Down the Ploeg ‘ole

10th November 1914

Like a series of hurricanes, the battles of La Bassée and Armentiéres had blown themselves into the battle of Messines and they all culminated in what was developing now: the First Battle of Ypres. Really they’re just one long series of German attacks and British defence and piecemeal counterattacks, while the French continued to attack where they could, with huge resulting losses on all sides.

We are witnessing the last gasps of the British Expeditionary Force. Only the trenches, the one thing we most associate with the horrors of World War One, saved them from utter annihilation.

Poor Frank has now been living in shallow, poorly dug, filthy trenches for a week. The trenches at the beginning of the war were little more than holes in the ground. In Ypres, where the waterline was shallow, they had to build up breastworks on top of the ground. Sometimes they dug along hedgerows or tree lines and pulled the hedges down to form the breastwork. Most of the time sandbags and fascines of twigs were heaved out into no mans land to form a defensive line.

Dug outs for the men were practically non-existent. Some holes in the ground were made and covered over in sheets of corrugated iron, stripped from farms here and there. The farms and outbuildings themselves tended to house the HQs dotted along the frontline at this point in the war.

The Dorsets reported another quiet day with shelling throughout the night.

KV and other posh expressions

27th September 1914

If you’ve been reading this blog since the outbreak of the war, you’ll notice that we’ve recently entered a period of trench-digging. This was to become the standard routine for a British Solider on the Western Front until 1918. Periods spent in the line and periods resting in reserve. Long days and even longer nights with little happening apart from the odd shell and burst of small arms fire.

But the British soldier in September 1914 was not versed in the arts of trench warfare. In their eyes, this was a temporary hold up. The leaders on both sides had the same thoughts. As in a boxing match, the two opponents had come together like bulls and fought to a standstill. Now, exhausted, they leant on each other, panting and gathering strength. But the next bout was coming. As both sides tensed themselves for the next round of onslaught, it was easy to panic and spread pandemonium. Gleichen writes:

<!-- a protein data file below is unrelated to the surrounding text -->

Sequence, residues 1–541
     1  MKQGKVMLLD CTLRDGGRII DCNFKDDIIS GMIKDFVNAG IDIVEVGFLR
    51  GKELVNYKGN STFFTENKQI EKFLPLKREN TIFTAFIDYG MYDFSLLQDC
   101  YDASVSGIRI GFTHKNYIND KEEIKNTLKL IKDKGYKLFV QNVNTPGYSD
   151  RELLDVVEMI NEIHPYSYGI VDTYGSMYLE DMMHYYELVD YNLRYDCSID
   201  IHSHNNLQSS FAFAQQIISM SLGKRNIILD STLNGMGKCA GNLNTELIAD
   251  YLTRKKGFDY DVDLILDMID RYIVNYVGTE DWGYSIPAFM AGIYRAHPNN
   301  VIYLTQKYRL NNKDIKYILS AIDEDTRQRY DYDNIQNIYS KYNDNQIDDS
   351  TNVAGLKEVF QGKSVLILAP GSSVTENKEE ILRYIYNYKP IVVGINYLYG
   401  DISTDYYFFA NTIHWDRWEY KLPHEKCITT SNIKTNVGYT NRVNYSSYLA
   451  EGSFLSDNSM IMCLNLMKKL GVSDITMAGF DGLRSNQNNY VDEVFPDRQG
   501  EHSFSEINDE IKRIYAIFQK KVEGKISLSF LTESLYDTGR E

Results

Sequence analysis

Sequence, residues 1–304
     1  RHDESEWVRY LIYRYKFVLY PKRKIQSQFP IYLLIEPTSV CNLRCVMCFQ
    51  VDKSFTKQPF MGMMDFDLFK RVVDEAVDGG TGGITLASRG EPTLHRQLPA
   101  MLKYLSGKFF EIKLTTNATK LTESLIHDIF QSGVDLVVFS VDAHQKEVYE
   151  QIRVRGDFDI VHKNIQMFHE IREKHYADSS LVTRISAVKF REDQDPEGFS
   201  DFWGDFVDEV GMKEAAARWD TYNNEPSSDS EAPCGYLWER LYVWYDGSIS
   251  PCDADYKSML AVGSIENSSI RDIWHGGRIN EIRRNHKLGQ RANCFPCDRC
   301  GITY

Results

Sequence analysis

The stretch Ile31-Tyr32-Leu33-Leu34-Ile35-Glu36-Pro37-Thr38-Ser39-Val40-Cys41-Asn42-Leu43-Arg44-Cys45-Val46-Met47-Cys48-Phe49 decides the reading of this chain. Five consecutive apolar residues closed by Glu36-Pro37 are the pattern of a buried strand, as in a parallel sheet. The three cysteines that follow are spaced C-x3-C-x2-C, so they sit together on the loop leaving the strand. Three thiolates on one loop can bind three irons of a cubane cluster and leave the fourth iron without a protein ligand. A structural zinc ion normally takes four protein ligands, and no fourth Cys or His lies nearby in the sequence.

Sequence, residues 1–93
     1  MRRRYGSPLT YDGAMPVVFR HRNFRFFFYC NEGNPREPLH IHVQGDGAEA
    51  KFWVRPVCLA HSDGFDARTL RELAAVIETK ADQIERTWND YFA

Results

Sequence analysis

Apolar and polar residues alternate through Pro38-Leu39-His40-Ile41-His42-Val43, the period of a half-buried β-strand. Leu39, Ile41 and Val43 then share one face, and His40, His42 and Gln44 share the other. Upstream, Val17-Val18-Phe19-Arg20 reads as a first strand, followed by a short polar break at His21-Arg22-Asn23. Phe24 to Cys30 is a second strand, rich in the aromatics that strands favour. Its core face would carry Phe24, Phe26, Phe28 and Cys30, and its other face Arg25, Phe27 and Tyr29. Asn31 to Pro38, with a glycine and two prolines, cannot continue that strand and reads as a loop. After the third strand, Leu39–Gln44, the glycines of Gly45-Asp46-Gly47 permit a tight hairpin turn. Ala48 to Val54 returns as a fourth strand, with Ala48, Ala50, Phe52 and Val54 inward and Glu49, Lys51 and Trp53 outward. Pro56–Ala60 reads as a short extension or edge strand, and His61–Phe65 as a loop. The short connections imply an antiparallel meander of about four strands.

On one day, the 27th, we had a false alarm, for the enemy was reported as crossing the Condé bridge at 4 A.M. in large numbers, and everybody was at once on the qui vive*, the Cheshires, who were in bivouac behind Rolt’s farm, being sent back (by Sir C. Fergusson’s orders) to Rupreux, the other side of the river. We rather doubted the news from the start, as the Condé bridge had, we knew, been blown up, and there was only one girder left, by which a few men at a time could conceivably have crossed; but the information was so circumstantial that it sounded possible.

The BEF was not prepared for this type of static warfare and it’s often said that the ever-resourceful Germans were ahead of the game. They certainly had better-suited equipment with digging tools, periscopes, grenades (hand and rifle) and heavy siege guns; designed to attack the huge Belgian and French forts and now free to use on a more mobile enemy. Lieutenant-Colonel Bols’ determination to make of fortress of Missy counters this claim to some extent. He and the Royal Engineers rendered Missy really secure, even under severe bombardment.

And severe bombardment is exactly what happened throughout the rest of the day. The false alarms sent the Germans into a similar state of panic and they responded with an artillery barrage. Gleichen again:

Missy was shelled particularly heavily that day from 10 to 6, and it was painful to watch great bouquets of 8-in. H.E. shells exploding in the village, and whole houses coming down with a crash; it seemed as though there must be frightfully heavy casualties, and I trembled in anticipation of the casualty return that night.

The Dorsets diary reports “very heavy shelling which continued until dark – both shrapnel and high explosive”, adding  “Casualties. Nil – not withstanding heavy shelling”. This is either a cocky boast or an early reference to the stress and psychological damage a heavy bombardment inflicted on troops.

* Qui vive. At Prep School we used a term “KV” or “Cavey” to alert fellow pupils when a master was approaching. I always thought it was Latin but I wonder if it comes from this phrase which has its origins in a French sentry alert; a kind of “who goes there”.